The decline in bee populations and the many threats bees face have been well-publicized. Scientists have been frantically hunting for solutions to the problem. Without bees, we lose much of our food. Without food, well …we don’t want that. Thankfully, there is a bit of good news on the conservation front: honeybee populations are finally on the rise. 
A report by the U.S. Department of Agriculture (USDA) released August 1, 2017 shows that as of April, 2017, an estimated 2.89 million bee colonies existed across the U.S. – an increase of 3% from 2016.
Beekeepers started to notice several years ago that fewer and fewer honeybee colonies were surviving the winter. On average, 28.7% of hives survived the winter months. But during the 2014-2015 winter, that number dropped 23.1% and hovered there.
2015 Beekeeper Survey: “We’ve Lost Almost Half Our Bee Colonies in the Past Year”
The USDA report suggests that the tide may have started to turn. Only about 84 honeybee colonies were lost in the first quarter of 2017 – 27% less than the number of colonies reported for the first quarter of 2016.
The latest numbers are encouraging, but honeybees still face substantial threats. According to the report, the top stressor responsible for colony deaths is the varrora mite, little bloodsuckers that were reported in more than 42% of commercial bee hives.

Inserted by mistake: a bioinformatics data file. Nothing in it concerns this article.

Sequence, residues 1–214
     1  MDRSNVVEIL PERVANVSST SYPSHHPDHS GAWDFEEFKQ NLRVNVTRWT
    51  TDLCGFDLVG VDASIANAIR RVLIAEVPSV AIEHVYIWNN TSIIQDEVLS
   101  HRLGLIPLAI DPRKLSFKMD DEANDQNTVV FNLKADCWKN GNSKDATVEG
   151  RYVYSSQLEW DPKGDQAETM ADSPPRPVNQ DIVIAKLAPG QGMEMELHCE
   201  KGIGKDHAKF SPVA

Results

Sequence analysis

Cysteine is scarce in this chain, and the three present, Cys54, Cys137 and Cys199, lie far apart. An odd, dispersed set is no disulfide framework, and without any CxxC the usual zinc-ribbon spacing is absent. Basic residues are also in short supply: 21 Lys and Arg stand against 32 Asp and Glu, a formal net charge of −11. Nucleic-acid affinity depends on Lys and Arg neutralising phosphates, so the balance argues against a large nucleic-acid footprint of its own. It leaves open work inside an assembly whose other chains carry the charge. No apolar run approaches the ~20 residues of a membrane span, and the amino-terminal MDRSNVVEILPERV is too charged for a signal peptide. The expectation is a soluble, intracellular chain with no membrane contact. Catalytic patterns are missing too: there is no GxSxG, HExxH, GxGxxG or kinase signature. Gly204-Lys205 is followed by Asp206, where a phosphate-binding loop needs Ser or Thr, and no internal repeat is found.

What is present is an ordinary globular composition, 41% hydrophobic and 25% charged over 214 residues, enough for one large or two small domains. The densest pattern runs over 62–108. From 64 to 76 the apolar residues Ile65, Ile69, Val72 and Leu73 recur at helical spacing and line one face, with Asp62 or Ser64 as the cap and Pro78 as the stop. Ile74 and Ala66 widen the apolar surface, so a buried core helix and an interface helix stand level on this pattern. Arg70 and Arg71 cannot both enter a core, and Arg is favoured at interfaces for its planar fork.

There is even good news there, however. The USDA noted in the report that instances of varrora mites, which first proved lethal to honeybee colonies in 1987, were still down by 11% compared to the 53% of hives ravaged by the bloodsucking insects in 2016.
Still, other threats to colonies persist, including pesticides – particularly a class known as neonicotinoids. The increase in colonies in 2017 is largely due to the constant replenishment of losses, according to the report. 
Tim May, a beekeeper in Harvard, Illinois and the vice-president of the American Beekeeping Federation based in Atlanta, said:
“You create new hives by breaking up your stronger hives, which just makes them weaker. We check for mites, we keep our bees well-fed, we communicate with farmers so they don’t spray pesticides when our hives are vulnerable. I don’t know what else we can do.”
The EPA is currently reviewing neonicotinoids, and could ban the spraying of them and dozens of other pesticides in farm fields where bees have been brought in to pollinate crops.
Additional colony stressors identified by beekeepers, among others, include pests other than varrora, diseases, poor weather, starvation, insufficient forage.
May says it’s difficult to figure out for certain what kills bees in any given location. He pondered:
“Maybe it’s pesticides, maybe it’s not. But when I eliminate everything else, it’s a distinct possibility.”
This article originally appeared at Natural Society.